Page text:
Case 1:  The European Union has excluded seven Russian banks from the SWIFT messaging system, but stopped short of including those handling energy payments. Sberbank, Russia's largest lender, and Gazprombank were not included because they are the main channels for payments for Russian oil and gas, which EU countries are still buying despite the conflict in Ukraine. Current level of sanctions and ban on steel imports from Russia as on March 15 holds true. In this scenario it is assumed that there are no additional sanctions on the major banks involved in payments for energy (oil and gas) and that there is sufficient redistribution of steel import quotas under the current safeguard scheme.

Case 2:  This scenario involves strict sanctions being imposed that could ban Russia’s imports including natural gas and metals, excluding all Russian banks from SWIFT system, restricting Russian central bank from accessing its international reserves and secondary sanction on countries (such as India and China for example) which still trade with Russia/ those who have not implemented any trade restrictions on Russia. Although extremely unlikely, if this scenario should occur, it would lead to an unprecedented disruption of global supply chains and EU’s steel trade with other nations, result in record high energy prices. The exact duration and magnitude of impact on the steel prices in such a scenario would be extremely difficult to predict since it could lead to never ending cycle of retaliatory sanctions. This could propel steel prices to catastrophically high levels.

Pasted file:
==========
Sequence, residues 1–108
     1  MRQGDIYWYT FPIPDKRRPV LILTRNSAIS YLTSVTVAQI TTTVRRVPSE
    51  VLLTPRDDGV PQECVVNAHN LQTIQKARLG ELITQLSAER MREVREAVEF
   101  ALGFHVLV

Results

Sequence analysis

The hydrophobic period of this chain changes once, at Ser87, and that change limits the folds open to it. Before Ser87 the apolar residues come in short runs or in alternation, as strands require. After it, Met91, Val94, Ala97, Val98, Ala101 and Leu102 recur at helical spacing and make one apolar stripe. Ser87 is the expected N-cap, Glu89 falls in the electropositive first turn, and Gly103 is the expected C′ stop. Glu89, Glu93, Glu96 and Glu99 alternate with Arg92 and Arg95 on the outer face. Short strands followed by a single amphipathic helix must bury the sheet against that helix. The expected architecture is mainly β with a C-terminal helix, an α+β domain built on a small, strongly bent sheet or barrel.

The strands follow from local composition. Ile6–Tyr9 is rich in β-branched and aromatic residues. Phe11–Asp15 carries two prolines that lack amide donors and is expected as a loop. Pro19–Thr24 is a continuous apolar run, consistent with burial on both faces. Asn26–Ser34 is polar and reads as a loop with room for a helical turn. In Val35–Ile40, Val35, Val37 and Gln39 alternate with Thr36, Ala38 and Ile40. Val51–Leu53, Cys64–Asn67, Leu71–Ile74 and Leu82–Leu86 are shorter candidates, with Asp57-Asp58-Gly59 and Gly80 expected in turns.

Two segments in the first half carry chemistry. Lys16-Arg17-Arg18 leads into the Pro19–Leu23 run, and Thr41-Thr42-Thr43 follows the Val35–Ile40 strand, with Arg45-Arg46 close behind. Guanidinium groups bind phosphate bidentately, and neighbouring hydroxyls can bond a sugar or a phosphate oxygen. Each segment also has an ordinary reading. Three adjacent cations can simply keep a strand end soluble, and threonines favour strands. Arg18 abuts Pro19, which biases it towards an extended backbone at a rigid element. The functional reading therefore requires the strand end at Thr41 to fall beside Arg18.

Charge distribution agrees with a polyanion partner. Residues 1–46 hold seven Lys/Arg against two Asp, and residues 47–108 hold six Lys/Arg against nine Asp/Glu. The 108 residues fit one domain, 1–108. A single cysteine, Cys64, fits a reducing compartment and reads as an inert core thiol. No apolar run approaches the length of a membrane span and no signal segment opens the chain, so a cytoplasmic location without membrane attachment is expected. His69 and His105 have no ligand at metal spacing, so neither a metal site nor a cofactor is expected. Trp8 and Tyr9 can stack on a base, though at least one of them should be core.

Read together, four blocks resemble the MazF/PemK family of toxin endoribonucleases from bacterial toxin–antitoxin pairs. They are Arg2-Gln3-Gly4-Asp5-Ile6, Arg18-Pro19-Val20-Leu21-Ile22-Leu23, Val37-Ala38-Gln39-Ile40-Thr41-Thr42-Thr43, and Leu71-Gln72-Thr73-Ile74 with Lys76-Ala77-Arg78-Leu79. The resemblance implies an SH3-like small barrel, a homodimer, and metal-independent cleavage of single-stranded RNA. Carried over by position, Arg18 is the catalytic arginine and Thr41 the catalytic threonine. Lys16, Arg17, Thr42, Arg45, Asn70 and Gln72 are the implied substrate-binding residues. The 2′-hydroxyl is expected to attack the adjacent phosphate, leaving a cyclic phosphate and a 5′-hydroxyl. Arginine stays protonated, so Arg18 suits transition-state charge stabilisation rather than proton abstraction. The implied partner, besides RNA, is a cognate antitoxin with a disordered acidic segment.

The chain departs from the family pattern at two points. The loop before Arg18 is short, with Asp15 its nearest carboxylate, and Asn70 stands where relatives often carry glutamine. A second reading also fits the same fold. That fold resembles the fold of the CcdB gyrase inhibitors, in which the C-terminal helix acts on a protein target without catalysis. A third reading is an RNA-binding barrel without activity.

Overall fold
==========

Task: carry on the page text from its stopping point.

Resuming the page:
steel market

 

UK: Major Categories affected by sanctions due to Russia-Ukraine conflict under safeguard measures

Category Name

Region/Country of Origin

Total allocation yearly tonnes

% share of total allocation

Alternate Destination/